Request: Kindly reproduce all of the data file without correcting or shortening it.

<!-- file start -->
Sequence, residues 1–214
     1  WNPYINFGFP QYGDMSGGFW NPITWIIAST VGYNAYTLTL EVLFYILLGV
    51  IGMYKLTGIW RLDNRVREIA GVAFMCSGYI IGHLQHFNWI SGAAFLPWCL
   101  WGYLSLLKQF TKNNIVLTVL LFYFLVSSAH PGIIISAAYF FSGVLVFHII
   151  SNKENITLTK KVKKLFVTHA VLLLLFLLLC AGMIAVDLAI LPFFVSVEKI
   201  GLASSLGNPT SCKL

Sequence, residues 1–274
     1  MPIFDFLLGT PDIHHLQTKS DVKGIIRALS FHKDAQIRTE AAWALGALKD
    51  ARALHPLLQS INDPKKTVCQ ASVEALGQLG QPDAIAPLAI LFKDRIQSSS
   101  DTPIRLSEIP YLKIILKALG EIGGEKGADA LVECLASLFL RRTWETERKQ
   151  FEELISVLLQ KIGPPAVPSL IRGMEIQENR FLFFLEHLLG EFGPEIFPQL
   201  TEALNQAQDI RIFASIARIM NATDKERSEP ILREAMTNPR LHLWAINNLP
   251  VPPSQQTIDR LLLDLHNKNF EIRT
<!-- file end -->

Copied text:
Sequence, residues 1–214
     1  WNPYINFGFP QYGDMSGGFW NPITWIIAST VGYNAYTLTL EVLFYILLGV
    51  IGMYKLTGIW RLDNRVREIA GVAFMCSGYI IGHLQHFNWI SGAAFLPWCL
   101  WGYLSLLKQF TKNNIVLTVL LFYFLVSSAH PGIIISAAYF FSGVLVFHII
   151  SNKENITLTK KVKKLFVTHA VLLLLFLLLC AGMIAVDLAI LPFFVSVEKI
   201  GLASSLGNPT SCKL

Sequence, residues 1–274
     1  MPIFDFLLGT PDIHHLQTKS DVKGIIRALS FHKDAQIRTE AAWALGALKD
    51  ARALHPLLQS INDPKKTVCQ ASVEALGQLG QPDAIAPLAI LFKDRIQSSS
   101  DTPIRLSEIP YLKIILKALG EIGGEKGADA LVECLASLFL RRTWETERKQ
   151  FEELISVLLQ KIGPPAVPSL IRGMEIQENR FLFFLEHLLG EFGPEIFPQL
   201  TEALNQAQDI RIFASIARIM NATDKERSEP ILREAMTNPR LHLWAINNLP
   251  VPPSQQTIDR LLLDLHNKNF EIRT